And as the competitor's gasp for their last financial breath, Steve will pull the plug and Apple will take over the world! (insert mad scientist laugh here).

Who would have thought, Steve, the REAL Dr. Evil! Only Steve has MOJO, yeah baby, yeah!

Ten years ago, we had Steve Jobs, Bob Hope and Johnny Cash.  Today we have no Jobs, no Hope and no Cash.

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Ten years ago, we had Steve Jobs, Bob Hope and Johnny Cash.  Today we have no Jobs, no Hope and no Cash.

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post #44 of 88
Quote:
Originally Posted by AppleInsider View Post

In particular, Bailey noted ongoing chatter of a "an upcoming touch-screen tablet," but said "it seems that this product is still in the development stage and will probably not be launched until the middle or back half of 2009."

To sum up, his analysis is based on hanging around forums like AI. That's funny.

I agree with the above post, Apple's touch interface has been a huge success. For sure, they will use it in bigger format products. Touch is the future!

Will thay launch a tablet in Jan? Who knows?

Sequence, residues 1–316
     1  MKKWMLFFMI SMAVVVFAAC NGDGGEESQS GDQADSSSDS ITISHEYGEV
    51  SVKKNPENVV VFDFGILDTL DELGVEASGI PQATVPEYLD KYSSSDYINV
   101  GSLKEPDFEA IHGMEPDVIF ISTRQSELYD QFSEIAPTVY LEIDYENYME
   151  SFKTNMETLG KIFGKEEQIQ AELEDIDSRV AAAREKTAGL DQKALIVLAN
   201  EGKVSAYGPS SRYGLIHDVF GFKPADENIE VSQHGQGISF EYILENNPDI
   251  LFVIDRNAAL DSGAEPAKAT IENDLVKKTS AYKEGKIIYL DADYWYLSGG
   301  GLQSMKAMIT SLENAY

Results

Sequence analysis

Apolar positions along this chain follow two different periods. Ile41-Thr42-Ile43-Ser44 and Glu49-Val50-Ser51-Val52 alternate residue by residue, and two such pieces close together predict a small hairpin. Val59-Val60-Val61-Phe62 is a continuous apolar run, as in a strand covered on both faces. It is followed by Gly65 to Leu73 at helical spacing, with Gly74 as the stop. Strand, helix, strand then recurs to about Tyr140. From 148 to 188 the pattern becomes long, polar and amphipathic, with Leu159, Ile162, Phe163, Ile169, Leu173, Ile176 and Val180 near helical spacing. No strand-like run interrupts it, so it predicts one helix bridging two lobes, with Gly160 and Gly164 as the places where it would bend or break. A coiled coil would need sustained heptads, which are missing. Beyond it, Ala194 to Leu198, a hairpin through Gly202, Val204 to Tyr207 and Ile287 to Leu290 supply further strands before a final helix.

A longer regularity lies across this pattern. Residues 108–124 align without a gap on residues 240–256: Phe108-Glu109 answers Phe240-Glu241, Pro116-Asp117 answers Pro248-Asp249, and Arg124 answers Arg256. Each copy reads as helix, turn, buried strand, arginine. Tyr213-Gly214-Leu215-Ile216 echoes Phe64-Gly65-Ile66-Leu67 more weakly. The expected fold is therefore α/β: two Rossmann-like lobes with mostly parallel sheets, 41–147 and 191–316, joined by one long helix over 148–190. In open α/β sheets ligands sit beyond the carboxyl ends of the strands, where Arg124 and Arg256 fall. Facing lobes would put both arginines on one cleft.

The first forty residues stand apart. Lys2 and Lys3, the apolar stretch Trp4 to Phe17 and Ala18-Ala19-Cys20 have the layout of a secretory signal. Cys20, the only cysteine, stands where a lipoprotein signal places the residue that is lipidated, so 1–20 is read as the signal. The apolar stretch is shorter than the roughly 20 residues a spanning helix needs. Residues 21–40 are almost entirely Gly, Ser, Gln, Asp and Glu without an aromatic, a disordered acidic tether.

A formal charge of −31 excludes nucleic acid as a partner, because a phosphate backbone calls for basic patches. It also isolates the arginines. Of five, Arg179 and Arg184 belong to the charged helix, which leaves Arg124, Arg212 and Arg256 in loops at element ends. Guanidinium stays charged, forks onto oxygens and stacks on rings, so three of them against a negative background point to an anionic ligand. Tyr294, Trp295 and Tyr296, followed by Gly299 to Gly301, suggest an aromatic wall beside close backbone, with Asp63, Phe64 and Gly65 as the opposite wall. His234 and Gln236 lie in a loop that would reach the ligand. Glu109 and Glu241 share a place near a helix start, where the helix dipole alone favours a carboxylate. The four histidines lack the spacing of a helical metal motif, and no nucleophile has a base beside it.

Seems like Apple prefers to launch the biggest innovation at MW (am I right?). A tablet would be comparable to iPhone in terms of innovation. So, if not now, they would like to wait until next MW. That would be a bit late, when HP has already launched a product. If HP is ready, others could have tablets ready over the next 6-9 months.

Apple late to the touch tablet party when they probably had a 3-5 years head start? Seems strange.

Keeping my fingers crossed,

Daniel

iPhone 4

iPad (1st gen)
13" MacBook Pro (late 2009)

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iPhone 4

iPad (1st gen)
13" MacBook Pro (late 2009)

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post #45 of 88
Quote:
Originally Posted by echosonic View Post

AMEN, the only thing these epic tools have the ability to see any more are their own colon walls.

Apple is the onyl current safe haven as far as I am concerned.

You're absolutely correct a severe case of Rectal Octalitis. After my last post I did a little research and found that Goldman Sachs is ranked at the 14th in institutional ownership catagory for both Microsoft and Apple. At the end of last quater GS had sold down it's positions in both companies by 15.2% and 18.4% respectively bringing their institutional ownerships down to 1.28% and 1.10% respectively. So it will be interesting to see if they repurchase this QUARTER after they've depressed the price. Considering that Institutions own over 60% of both companies it's to their advantage and our detriment as individual equity investors. This type of information at Nasdaq.com and institutional holding for each equity you wish information on.